Did Uber Actually Track You?

Months ago there was a series of articles suggesting that whatever bad publicity Uber was getting, it was still publicity. And for Uber there really was no such thing as bad publicity.

I think that has now changed.

As recently as yesterday, I was seeing people either saying they’d deleted their Uber apps or exhorting other people to do so on social media. But then it seemed largely a matter of principle or solidarity with high-profile journalists like Sarah Lacy who’d crossed swords with Uber execs.

To think that you as a low-profile person in St. Louis or a someone in Boston might have been tracked would seem paranoid. After all, you’re probably just a number and a card swipe to those high-rolling Uber execs who keep getting busted in the press.

But a series of stories from the last twenty-four hours make it really not seem that paranoid at all. The number of people, rightly or wrongly, who are willing to change their habits because of the actions of a few executives is limited. But if you think Uber isn’t safe or is tied to creepy or menacing behavior that may directly affect you, that’s the kind of perception – accurate or not – that could sink the whole operation.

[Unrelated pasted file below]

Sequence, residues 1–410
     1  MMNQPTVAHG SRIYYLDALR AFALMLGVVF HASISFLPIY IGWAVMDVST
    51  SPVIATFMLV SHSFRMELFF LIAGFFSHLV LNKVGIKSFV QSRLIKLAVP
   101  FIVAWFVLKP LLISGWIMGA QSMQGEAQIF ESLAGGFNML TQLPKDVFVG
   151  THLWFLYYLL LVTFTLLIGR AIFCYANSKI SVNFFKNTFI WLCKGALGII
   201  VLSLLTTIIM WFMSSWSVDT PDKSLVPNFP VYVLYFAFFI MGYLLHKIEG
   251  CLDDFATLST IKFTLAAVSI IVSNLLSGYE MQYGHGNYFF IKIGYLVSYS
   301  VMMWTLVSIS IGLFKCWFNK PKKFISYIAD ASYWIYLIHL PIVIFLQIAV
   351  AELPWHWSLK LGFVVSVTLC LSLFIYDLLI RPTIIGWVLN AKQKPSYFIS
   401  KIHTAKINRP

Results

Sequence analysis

Here’s what I’m talking about.

Over the last 36 hours a number of stories have suggested that there are few internal controls within Uber about who can access what is purportedly called GodView, an analytics program which can allow you to track an individual user’s ratings or where they’re being ferried within the Uber system. Since Uber is based on GPS and transaction data, it’s always been obvious that this information exists on Uber’s systems. That’s the essence of the business model. It’s less obvious that this information would be readily available to Uber employees, except in very limited cases.

Just because some number of employees may be able to access this information doesn’t mean they’re allowed to or that they do. But that’s where the other information comes in.

Stories in Buzzfeed and other publications makes it clear that this has happened on a number of occasions. The cases we know about are probably best described as inappropriate rather than menacing. But they do make it sound like there are no strong internal checks on the use of the system.

Then there’s the point that we already knew about Uber, which is that it seems to have a pretty pronounced bro-tastic subculture which is not one that gives a lot of confidence that inappropriate or creepy or reckless behavior might be tolerated.

Put that together with apparently loose or even open access to tracking and you’ve got a big problem. Both for Uber users and now for Uber.

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